Tips to help L&D teams implement learning in the flow of work

Overall, learning in the flow of work is learning that is almost tailored to the learner, so their preferences and experience must be front of centre. The following tips will help you keep them at the forefront of your mind.

Talk to your employees

The best way to get to the core of the learning your employees want is to talk to them and ask questions about what they need, what challenges they’re coming up against, and how they want to progress. That is the crux for developing learning that will meet their needs.

Create compelling, constructive and convenient learning

When considering content, make sure it meets the three c’s: compelling, constructive and convenient. Compelling learnings draw them in and makes them want to learn; constructive learning fulfils a purpose for both the learner and business (it’s no longer about tick-box exercises), and convenient learning fits into the flow of their workday and is easily accessible.

Produce different types of resources

Different learning requires different content and you need to consider how the learning should be presented. Would it be best if a piece of learning was a video how-to guide, or a downloadable resource with hints and tips that they can refer back to? Or is the learning some complex theory that may require a more in-depth piece of e-learning learning, or face-to-face sessions?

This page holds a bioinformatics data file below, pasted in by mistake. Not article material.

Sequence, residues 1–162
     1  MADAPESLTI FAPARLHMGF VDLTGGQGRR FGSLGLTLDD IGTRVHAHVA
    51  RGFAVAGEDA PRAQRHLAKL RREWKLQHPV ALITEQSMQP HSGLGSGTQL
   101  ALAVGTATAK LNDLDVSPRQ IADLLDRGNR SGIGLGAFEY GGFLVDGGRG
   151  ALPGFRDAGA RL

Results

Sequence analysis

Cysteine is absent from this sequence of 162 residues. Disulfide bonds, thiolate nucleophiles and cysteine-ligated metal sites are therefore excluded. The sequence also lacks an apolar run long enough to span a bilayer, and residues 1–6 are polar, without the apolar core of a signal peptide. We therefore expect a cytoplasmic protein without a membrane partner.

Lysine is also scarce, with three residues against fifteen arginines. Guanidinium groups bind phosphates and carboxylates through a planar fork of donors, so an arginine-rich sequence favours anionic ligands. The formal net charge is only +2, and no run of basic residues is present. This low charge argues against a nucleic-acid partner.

Remember, it isn’t all about using the best technology all the time, sometimes simple is best. It needs to be about the best way to learn that topic.

House the content

The content needs to be housed somewhere that is accessible to the learners and easy to navigate, whether that is a learning management system or programmes such as Microsoft Viva. Platforms and technology like these are essential to designing a way of learning that is learner-centric and allows them to seek out the content as and when they need it – allowing them to work in the flow.

Curate content

You don’t have to create everything from scratch, you can curate it. Curation is a skill in itself. It’ll require you to understand the need and what content is best suited to meet it, as well as an ability to find suitable third-party content and manage it.

Vet your content

If you’re curating content or encouraging learners to share their own, make sure that you vet it, otherwise you may find out it’s not in line with the messaging your business is putting out there.

Create a complementary learning environment

The learning environment isn’t just a physical space (though it does include that) but the entire culture, context of the learning, and approach. It’s important that this is right because it can affect the ability to focus, perform, share or absorb new ideas.

Want to know more? We’ve explored learning in the flow of work in great depth in our Evolution of L&D series. Comprising three separate reports, they are filled with interviews, guides, and articles about all the latest L&D topics. Don’t have time to read them all? Check out our round-up document for summaries and key themes.